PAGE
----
Keeping a small business going for the long haul can be a difficult task. Studies show that one in five small businesses don’t make it 24 months; nearly half (45%) close within five years; and about two-thirds (65%) fail within 10 years. If your business is facing hard times, a bankruptcy filing can help you either get a fresh start or make the dissolution of business operations easier.
Bankruptcy is a legal procedure, available under federal law, whereby a business can get some protection from creditors and may be able to work out new payment arrangements that allow it to continue operations without pressure or harassment from creditors. When you seek bankruptcy protection for your business, you’ll work directly with the U.S. Bankruptcy Court, which serves as an intermediary between you and your creditors. Upon filing for bankruptcy protection, you and your business have the immediate protection of the automatic stay, which prohibits creditors from calling, sending letters, visiting you, filing a lawsuit, or taking any other action to collect on your debt except through the bankruptcy proceedings.
The two common types of business bankruptcy are under Chapter 7 and Chapter 11 of the U.S. Bankruptcy Code. There are other unique forms of bankruptcy protection, such as Chapter 12, which applies only to family farmers and fishermen.
Chapter 7 bankruptcy, also referred to as “liquidation,” allows a debtor to relinquish property to the bankruptcy court to reduce or discharge debt. Most businesses that seek to discharge debt through bankruptcy are sole proprietorships. Partnerships, limited liability companies (LLCs), and corporations can file under Chapter 7, but the process has fewer benefits. For example, a sole proprietor may fully discharge a debt in Chapter 7, but a partnership, LLC, or corporation may remain liable for any balance due to a creditor if the bankruptcy sale does not fully pay off the debt. Additionally, a partnership, corporation, or LLC cannot designate property as exempt from the bankruptcy estate. Note, however, that if liquidation does not pay off the entire debt of an LLC or corporation, the members or shareholders of the company are shielded from personal liability.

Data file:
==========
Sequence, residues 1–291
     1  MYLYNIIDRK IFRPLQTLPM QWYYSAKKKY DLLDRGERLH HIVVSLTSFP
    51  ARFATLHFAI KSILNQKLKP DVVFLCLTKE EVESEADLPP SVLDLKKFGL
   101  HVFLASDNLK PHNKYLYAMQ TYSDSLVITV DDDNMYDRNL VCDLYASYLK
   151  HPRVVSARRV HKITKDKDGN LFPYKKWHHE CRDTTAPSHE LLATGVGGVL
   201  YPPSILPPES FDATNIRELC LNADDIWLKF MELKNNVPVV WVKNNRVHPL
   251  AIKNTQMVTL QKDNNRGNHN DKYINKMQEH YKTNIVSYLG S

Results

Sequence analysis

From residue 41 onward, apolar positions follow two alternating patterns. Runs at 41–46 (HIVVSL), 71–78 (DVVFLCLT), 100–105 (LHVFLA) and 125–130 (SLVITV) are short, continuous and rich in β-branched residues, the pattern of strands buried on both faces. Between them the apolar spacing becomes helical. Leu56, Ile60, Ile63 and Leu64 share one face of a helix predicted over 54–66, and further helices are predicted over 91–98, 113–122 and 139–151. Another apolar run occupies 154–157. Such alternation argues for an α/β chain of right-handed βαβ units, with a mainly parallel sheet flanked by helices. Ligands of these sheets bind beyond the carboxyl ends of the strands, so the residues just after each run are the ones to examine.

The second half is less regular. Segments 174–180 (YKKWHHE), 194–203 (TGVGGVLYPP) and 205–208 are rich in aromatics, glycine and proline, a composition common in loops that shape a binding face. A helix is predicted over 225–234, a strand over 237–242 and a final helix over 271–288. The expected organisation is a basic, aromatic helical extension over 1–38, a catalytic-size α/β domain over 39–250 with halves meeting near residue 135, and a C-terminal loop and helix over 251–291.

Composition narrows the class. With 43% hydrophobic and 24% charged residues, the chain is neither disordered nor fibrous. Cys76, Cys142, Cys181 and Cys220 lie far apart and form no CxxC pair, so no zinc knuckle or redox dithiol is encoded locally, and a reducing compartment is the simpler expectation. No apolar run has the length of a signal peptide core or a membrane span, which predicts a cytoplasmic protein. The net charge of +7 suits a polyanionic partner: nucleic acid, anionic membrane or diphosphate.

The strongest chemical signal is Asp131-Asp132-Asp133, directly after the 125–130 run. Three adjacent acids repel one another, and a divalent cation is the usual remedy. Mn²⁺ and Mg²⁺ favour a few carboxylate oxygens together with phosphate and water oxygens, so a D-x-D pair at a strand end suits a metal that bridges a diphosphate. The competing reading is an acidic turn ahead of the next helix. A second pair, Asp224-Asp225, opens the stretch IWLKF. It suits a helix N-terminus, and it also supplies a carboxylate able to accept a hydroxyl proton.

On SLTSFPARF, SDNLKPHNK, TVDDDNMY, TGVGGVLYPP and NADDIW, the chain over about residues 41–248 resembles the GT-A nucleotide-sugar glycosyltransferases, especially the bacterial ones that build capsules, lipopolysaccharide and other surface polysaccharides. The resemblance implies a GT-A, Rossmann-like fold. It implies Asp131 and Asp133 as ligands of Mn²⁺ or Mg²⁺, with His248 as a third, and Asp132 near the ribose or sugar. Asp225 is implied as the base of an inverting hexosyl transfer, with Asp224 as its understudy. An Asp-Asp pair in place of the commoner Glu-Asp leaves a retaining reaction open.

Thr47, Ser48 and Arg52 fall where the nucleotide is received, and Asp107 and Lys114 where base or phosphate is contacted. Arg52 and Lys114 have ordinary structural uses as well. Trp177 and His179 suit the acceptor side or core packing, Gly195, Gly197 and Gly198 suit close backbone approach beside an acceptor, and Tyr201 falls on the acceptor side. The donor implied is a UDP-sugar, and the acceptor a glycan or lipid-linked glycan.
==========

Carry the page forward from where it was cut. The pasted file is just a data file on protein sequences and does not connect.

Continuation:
If you file for Chapter 7 protection as a sole business proprietor, the same rules that apply to consumers will generally govern your bankruptcy proceeding; however, both your business and personal assets may be liquidated. (Technically, a sole proprietor files a personal bankruptcy petition because there is no legal distinction between the person and the business.) You must qualify to file by submitting to a means test. Furthermore, some debts are dischargeable—child support arrearages, most tax debts, and student loan payments. You may claim certain property as exempt. If you’re able to claim enough exemptions, you may be able to reduce your debt while keeping some assets and staying in business.
If you meet the requirements to file under Chapter 7, you can typically discharge your debts and start over again in four to six months.
Chapter 11 is essentially the business version of a Chapter 13 consumer reorganization. When you file for protection under Chapter 11, you’ll need to put together a list of all your creditors and what you owe them. You’ll then be required to put together a plan to repay your creditors, which must be submitted to the court and your creditors and must be approved by both. Your creditors may, if they choose to reject the proposed plan, submit their own plan to the bankruptcy court. Ultimately, the bankruptcy court determines what the repayment plan will be. The court also has the discretion to determine that Chapter 11 isn’t feasible and either dismiss the case or convert it to a Chapter 7 liquidation proceeding.
A proposed reorganization plan may involve reduced interest rates, suspension of payments for a period of time, or even the discharge of some debt. It’s fairly common that the plan involves some “downsizing” of the debtor’s operations, so as to minimize costs and make more assets available to pay creditors.
Since 2020, certain sole proprietors and small businesses have had the option of Subchapter V, which was created by the Small Business Reorganization Act. Subchapter V proceedings are less expensive and more streamlined than other Chapter 11 bankruptcies, offering benefits to small businesses. To qualify for Subchapter V, a business must have no more than $2,725,625 in debt.
When a business seeks protection under Chapter 11, it generally means that the owners want to continue business operations, seeking only to lessen the burden until the company’s fortunes improve. The primary objective with a Chapter 11 bankruptcy is to return the company to financial health.
With most Chapter 7 filings, the business will either be dissolved or recreated as an entirely new entity. The overarching goal, with a Chapter 7 petition, is generally to minimize potential losses for all parties. As noted above, though, in some cases, a sole proprietor may be able to claim enough exemptions under state or federal law to discharge debt and continue business operations.
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